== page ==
"For the sake of the hundreds of thousands trembling under our violence, I cannot be silent."-- Dr. Martin Luther King Jr., who followed these words with a description of U.S. crimes against humanity.
At the polls, citizens have finally expressed themselves against the war in Iraq. Candidates and incumbents feel the need to call for an end to the war. But we rarely hear even a peep from Clergy. Is this for its observing the doctrine of ‘Separation of Church and State’ or because the Church has become BOUND to the State and SEPARATED from its faith?
Our ordained professional guidance counselors, the priests, ministers and rabbis, the stewards of personal morality, are by and large without complaint or even suggestion regarding the wars of occupation in Iraq, Afghanistan and Somalia. Except for the usual time honored exhortations to pray for the dead, the dying and those doing the killing, and an infrequent academic discussion of what constitutes ‘just war’ and ‘just killing’, the senior leaders of the various religions are MUTE.
But, Martin Luther King Jr. thundered, “For the sake of the hundreds of thousands trembling under our violence, I cannot be SILENT!”
Collective guilt, collective accountability and responsibilities are very rarely, if ever, addressed from the pulpits of American churches and synagogues. There is an eerie canonical absolving of personal responsibility for crimes against humanity committed ‘under orders’, (curiously, Adolph Eichman’s defense at his trial in Israel).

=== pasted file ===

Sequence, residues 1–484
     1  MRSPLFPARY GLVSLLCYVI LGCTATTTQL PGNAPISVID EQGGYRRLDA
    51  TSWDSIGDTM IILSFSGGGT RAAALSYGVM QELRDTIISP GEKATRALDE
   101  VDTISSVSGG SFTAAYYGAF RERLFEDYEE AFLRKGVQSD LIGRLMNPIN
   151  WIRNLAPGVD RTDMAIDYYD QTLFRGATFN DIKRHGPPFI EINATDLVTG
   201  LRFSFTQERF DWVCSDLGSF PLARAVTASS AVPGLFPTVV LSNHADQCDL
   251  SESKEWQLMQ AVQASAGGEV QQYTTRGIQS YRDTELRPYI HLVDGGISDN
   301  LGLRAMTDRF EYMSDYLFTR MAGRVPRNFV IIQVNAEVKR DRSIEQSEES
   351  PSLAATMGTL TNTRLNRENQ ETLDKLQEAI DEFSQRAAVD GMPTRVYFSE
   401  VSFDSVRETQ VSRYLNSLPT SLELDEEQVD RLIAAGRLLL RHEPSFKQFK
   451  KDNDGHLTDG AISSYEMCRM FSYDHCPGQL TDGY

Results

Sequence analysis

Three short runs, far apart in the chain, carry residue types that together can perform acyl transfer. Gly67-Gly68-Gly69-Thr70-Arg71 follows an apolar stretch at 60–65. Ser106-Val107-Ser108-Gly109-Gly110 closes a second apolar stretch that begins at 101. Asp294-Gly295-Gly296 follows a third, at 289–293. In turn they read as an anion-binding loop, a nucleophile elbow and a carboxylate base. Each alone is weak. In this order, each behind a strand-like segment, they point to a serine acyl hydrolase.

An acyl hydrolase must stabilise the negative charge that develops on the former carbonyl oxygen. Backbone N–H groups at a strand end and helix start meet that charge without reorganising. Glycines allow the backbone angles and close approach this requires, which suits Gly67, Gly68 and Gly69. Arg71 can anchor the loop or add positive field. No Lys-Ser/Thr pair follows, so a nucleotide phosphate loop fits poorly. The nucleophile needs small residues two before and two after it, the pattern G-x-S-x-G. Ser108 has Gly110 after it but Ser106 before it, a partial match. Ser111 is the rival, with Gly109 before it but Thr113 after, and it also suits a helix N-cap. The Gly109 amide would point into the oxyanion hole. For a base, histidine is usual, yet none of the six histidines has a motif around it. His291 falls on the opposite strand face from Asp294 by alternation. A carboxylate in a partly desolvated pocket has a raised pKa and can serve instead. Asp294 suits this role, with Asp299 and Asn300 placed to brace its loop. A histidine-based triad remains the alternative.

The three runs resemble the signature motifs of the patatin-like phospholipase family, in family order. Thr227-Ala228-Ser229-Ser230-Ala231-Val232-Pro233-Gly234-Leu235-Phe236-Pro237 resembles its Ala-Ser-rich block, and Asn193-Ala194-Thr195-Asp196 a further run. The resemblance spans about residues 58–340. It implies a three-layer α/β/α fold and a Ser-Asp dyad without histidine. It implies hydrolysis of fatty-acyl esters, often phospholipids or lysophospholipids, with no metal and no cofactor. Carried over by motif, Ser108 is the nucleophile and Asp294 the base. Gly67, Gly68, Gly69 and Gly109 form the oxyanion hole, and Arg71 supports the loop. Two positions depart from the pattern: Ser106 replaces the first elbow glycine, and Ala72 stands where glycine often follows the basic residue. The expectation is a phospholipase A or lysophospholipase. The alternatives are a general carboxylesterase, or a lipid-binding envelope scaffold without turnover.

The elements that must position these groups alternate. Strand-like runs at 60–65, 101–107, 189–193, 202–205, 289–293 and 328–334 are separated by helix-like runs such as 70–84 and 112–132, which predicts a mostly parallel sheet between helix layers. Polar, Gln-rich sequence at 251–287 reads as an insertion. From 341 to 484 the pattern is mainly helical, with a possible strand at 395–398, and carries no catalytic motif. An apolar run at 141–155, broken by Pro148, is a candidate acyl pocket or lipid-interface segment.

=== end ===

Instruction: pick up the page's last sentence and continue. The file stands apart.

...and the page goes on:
The clergy even in largely progressive cities generally feels constrained to speak against the policies and actions of State, as if it were against the law. They deem to ‘respect’ a quite back-assward interpretation of “Separation of Church and State”, pretending that Church be not meant not to denounce the crimes of State, even while highest officials of State often clothe themselves with a vestment of Church dogma, respecting the assumptions and superstitions, often speaking as subjects of a church or as its representatives and protectors.
In a sermon outline, a young King wrote, “We may well be ashamed of much that is associated with the history of organized Christianity and with much of what goes on in the churches today.”
This off and on weak failing of faithful ministry is a far-flung tradition that predates the American experience. There were priests and ministers in Nazi Germany who blessed the soldiers of the Wehrmacht as they left to invade neighboring nations even after Hitler began to crush the Church. In fascist satellite nations the history of an open collaboration of the Church with the Nazis was even more flagrant. Christianity and its complicity vis-à-vis the Holocaust is well known, though there were heroic renegade exceptions.
But there is a history of successful ministry of faith as well. Alongside the black popes, the inquisition and massacres in the religious wars of the Middle Ages, one can counterpoise the earlier church as sanctuary and protector of the persecuted and patron of literature and the fine arts and the many brave orders, even of today, within the movement in Latin America called Liberation Theology, unsupported by the pope. The history of Islam is similarly complicated. 1 | 2